Back in the day...
Somehow I was able to convince a few up and coming designers to let me represent them, and my rate was so ridiculously low, looking back I don't even know how I did that. I had 2 designers hire me to set up media tours for them in NY which I somehow pulled off, and then I started getting hired to do local boutique launches, so I'd organize the parties, and press around each opening. I was so scrappy back then – I'd come in with photographers, DJs, set up the food that was served on vinyl. We literally had no budget for any of this, but somehow made it all work. I really connected with the creative freedom I had when throwing these parties. I loved curating the soundtrack of the night and creating a lighting concept or installations.
After a while I was ready for a change. I wanted to do something new, but didn’t know what that was. At the time I had a friend that had recently moved to Sydney, and suggested I move there – and pretty much on the spur of the moment I did. It was 2007.
Shortly after arriving I met a woman named Jackie Milliash. She was a well-known restaurateur with a wild and notorious local profile. She had owned a hot restaurant destination called Jackie's that was located on Bondi Beach. The restaurant had closed just before I arrived, and when I had met Jackie – she was in the process of opening her next restaurant, called Jackie's Café – which was located in Paddington. It was an unusual concept where you had this cozy restaurant concept with really lovely café-style food inside, but directly across from it, on the other side of the patio area, there was a long omakase-style sushi bar with some of the top sushi chefs in Sydney. Even with the little experience that I had in hospitality, I knew that this was very innovative at the time.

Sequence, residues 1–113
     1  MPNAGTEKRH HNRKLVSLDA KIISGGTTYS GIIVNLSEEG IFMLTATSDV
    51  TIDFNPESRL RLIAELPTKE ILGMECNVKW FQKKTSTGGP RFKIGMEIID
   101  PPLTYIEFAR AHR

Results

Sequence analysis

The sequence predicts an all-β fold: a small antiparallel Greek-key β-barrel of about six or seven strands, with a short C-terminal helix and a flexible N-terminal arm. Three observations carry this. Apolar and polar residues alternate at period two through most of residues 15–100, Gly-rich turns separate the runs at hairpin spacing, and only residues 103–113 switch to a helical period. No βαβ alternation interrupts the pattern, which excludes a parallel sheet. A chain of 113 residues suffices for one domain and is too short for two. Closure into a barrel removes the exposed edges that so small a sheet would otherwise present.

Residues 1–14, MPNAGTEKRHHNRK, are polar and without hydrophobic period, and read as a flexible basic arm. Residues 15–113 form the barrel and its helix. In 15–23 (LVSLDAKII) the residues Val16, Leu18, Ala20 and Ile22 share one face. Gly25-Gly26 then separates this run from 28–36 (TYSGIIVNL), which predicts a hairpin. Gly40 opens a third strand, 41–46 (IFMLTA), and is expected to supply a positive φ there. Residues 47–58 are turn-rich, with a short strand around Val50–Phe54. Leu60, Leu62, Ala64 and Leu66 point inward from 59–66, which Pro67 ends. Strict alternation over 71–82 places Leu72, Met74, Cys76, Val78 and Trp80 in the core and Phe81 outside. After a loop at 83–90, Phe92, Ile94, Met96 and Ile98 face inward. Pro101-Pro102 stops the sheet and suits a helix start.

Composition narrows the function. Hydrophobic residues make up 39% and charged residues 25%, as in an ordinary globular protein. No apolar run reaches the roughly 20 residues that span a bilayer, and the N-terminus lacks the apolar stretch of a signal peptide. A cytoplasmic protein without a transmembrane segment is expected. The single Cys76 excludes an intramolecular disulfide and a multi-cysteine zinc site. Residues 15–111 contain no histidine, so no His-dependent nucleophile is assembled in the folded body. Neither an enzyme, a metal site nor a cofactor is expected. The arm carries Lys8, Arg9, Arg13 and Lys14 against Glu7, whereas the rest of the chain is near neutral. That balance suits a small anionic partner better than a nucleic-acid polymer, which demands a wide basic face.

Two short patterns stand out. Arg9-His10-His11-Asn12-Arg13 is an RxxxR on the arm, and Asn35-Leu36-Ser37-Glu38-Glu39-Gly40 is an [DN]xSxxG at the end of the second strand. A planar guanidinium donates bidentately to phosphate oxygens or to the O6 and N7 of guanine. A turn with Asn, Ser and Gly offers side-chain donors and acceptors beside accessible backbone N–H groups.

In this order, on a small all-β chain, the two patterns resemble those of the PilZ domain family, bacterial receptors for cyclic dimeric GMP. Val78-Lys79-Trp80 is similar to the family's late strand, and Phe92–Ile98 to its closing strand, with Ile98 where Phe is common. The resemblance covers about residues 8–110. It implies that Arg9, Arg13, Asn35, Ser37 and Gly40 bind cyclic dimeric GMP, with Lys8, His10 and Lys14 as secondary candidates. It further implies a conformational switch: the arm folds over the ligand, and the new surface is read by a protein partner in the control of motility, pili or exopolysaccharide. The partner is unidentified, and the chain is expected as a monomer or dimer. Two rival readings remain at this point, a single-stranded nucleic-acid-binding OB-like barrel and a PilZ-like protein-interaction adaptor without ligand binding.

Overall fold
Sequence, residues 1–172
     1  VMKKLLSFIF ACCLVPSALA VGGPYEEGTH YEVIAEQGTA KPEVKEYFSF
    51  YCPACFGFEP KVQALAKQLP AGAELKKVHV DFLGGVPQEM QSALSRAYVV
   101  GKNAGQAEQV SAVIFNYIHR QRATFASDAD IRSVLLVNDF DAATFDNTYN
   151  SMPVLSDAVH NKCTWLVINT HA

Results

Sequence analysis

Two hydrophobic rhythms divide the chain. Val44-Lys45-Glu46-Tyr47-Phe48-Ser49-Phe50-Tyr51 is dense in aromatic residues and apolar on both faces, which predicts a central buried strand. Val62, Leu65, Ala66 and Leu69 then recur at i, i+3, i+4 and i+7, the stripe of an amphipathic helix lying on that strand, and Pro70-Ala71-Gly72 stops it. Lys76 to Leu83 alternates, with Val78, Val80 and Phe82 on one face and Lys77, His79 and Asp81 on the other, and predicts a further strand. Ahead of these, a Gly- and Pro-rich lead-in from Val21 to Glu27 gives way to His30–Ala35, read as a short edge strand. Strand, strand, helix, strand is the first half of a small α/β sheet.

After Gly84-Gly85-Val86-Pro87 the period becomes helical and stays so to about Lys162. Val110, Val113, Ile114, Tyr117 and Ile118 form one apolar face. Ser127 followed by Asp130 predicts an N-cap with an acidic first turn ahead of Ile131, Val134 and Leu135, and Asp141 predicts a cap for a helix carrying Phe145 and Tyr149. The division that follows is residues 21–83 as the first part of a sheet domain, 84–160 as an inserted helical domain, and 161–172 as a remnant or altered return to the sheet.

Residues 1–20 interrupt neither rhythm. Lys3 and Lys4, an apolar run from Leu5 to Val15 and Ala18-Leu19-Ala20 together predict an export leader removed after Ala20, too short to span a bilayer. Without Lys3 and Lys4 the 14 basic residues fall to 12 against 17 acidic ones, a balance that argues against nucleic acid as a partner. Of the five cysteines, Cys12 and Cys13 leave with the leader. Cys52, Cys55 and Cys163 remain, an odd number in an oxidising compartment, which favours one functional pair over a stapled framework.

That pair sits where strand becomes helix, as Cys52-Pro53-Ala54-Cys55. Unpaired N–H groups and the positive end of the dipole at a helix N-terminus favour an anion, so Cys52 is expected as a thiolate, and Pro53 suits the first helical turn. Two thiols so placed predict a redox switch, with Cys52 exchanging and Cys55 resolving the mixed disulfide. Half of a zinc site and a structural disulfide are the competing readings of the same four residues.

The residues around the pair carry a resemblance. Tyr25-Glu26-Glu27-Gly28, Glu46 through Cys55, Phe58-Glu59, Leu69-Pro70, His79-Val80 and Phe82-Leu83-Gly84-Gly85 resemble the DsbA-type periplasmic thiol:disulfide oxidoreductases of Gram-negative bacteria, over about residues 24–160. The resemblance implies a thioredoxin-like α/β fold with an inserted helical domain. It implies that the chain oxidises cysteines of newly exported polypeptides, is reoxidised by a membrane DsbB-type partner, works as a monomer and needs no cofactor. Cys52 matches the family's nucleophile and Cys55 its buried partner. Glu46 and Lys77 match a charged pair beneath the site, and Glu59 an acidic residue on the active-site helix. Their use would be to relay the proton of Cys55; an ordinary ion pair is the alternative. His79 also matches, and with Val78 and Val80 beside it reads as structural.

Jackie and I got along like a house on fire. She was a little crazy (which I loved), but had huge heart and was a lot of fun. She taught me so much about the restaurant industry. At one point, I was basically running Jackie's Café. Its where I learned the nuts and bolts of running a restaurant. I went through the process of opening this spot with her, so I knew how much food cost, how to price dishes, and how to be a host and server. I also helped her with a little bit of marketing and PR. I remember us getting a lot of press. It was the only place where you could go to get this traditional Australian lunch or get sushi in a totally chic setting. Working with Jackie is when I fell in love with the hospitality industry.
Ryan's home office in Bernal Heights.